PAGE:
Cases of domestic violence in Cyprus sharply increased by 67% last year from 2020 and 159% compared to pre-coronavirus 2019, according to police data.
Police said Thursday that 3,362 domestic violence cases were reported in 2021, compared to 2,002 the previous year.
In the first four months of 2022, police filed 950 cases, putting the year on course for an unwanted record.
Based on the data from the Police’s Sub-Directorate for the Management of People in Vulnerable Situations, compiled by Politis newspaper, domestic violence cases have been rising for the past seven years.
Cases of domestic violence reported to authorities have climbed from 951 in 2015 to 3,362 in 2021.
In comments to Politis online, Deputy Director of the crime prevention department, Kyriaki Lambrianidou, attributed the increase to the fact that victims are more confident to speak out.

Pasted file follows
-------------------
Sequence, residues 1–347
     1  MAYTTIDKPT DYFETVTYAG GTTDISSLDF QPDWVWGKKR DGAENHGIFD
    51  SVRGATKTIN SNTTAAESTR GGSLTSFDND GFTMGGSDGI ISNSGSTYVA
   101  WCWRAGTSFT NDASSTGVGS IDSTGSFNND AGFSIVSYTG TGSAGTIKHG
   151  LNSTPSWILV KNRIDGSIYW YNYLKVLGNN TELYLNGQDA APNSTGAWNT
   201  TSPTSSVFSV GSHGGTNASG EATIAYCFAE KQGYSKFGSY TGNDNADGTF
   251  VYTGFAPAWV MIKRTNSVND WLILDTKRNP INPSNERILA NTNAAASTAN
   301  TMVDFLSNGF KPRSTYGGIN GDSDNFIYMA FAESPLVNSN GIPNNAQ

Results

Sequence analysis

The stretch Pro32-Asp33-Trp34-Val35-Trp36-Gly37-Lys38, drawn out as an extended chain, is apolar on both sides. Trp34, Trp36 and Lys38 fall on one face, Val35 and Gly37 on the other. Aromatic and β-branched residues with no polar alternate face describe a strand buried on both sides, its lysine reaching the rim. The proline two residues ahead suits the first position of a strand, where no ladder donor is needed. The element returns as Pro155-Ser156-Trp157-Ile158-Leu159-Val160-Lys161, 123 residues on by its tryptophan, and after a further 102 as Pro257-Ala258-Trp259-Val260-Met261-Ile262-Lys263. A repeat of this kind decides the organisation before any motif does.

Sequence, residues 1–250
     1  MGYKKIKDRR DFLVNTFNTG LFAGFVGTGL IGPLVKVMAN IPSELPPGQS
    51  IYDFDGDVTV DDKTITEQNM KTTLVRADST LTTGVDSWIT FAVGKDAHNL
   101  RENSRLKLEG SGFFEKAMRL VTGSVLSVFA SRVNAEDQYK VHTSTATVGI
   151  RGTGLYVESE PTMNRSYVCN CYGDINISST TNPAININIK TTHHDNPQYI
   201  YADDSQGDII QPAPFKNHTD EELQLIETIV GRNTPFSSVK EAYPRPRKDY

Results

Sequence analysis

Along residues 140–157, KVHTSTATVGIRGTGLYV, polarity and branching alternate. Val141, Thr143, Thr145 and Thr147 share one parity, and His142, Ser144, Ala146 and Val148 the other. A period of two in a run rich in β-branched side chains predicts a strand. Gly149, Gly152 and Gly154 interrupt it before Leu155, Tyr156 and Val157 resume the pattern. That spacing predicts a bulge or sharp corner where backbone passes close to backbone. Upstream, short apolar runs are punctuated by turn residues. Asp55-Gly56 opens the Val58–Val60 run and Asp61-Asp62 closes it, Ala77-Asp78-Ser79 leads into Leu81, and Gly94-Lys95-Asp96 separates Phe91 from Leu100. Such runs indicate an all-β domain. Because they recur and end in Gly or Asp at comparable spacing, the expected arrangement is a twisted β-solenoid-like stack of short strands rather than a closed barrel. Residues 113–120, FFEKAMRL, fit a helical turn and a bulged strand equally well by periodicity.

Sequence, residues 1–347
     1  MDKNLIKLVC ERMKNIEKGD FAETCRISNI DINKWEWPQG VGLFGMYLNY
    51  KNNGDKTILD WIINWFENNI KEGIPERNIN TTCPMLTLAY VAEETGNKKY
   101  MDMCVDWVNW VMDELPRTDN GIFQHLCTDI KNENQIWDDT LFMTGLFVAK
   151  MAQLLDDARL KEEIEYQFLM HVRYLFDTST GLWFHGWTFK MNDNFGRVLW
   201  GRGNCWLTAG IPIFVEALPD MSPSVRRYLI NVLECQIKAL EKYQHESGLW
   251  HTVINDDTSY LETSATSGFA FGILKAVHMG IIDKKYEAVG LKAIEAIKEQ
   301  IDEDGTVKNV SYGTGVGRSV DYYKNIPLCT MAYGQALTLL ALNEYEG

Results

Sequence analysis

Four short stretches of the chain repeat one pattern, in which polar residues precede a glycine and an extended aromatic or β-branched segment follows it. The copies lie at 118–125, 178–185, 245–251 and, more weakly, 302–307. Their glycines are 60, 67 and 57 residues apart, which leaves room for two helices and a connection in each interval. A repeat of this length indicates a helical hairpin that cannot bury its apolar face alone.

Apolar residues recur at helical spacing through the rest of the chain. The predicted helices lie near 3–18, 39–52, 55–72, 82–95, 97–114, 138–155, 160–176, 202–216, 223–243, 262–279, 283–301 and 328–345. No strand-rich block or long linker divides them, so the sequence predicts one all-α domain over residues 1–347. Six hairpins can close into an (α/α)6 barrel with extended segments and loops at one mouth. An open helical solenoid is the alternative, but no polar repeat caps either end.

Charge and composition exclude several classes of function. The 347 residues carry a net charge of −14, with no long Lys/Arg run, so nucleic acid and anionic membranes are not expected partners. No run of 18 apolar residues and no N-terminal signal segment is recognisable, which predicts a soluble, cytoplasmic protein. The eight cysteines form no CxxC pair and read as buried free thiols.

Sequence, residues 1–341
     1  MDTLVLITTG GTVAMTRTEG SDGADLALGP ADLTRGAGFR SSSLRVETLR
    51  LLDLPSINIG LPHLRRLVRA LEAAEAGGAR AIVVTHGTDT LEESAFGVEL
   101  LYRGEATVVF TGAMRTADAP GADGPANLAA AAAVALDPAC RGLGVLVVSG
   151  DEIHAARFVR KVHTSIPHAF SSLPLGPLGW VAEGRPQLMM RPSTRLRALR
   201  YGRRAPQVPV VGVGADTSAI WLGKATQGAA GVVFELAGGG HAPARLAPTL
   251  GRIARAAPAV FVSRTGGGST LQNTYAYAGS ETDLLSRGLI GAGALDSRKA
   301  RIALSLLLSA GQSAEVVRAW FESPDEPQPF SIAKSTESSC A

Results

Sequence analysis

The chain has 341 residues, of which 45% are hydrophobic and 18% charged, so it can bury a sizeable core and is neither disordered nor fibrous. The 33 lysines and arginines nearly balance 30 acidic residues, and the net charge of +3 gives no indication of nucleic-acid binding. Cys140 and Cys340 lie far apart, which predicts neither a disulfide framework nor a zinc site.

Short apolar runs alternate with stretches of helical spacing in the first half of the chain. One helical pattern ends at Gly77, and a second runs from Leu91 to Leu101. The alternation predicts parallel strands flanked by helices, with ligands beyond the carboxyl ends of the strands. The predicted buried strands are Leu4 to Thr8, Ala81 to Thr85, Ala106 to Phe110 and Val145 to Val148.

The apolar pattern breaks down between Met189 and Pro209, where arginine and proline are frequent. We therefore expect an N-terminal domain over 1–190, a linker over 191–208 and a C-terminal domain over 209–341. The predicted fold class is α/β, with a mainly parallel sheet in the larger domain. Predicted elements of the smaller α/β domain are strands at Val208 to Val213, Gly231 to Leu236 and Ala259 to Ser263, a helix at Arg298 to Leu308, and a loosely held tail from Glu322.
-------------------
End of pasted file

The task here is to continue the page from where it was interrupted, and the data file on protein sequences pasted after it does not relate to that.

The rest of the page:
She believes it could be interpreted as an indication that victims have started to trust law enforcement more than they did in the past.
In addition, two new laws have been passed, which address violence against women and strengthen the legal framework on domestic violence by adding psychological and financial violence.
Lambrianidou said the decision to set up a special task force in every district to handle cases of domestic abuse has improved trust, encouraging victims to come forward.
She said that of the hundreds of cases reported yearly; only one-third reach a court.
This is because victims of domestic violence will either withdraw the complaint, not cooperate, or the Legal Service may suggest that a case remain pending.
Lambrianidou explained that the Attorney General might consider that a second chance may be warranted.
But, if, during the grace period, the same person is reported again, the first case will be reopened.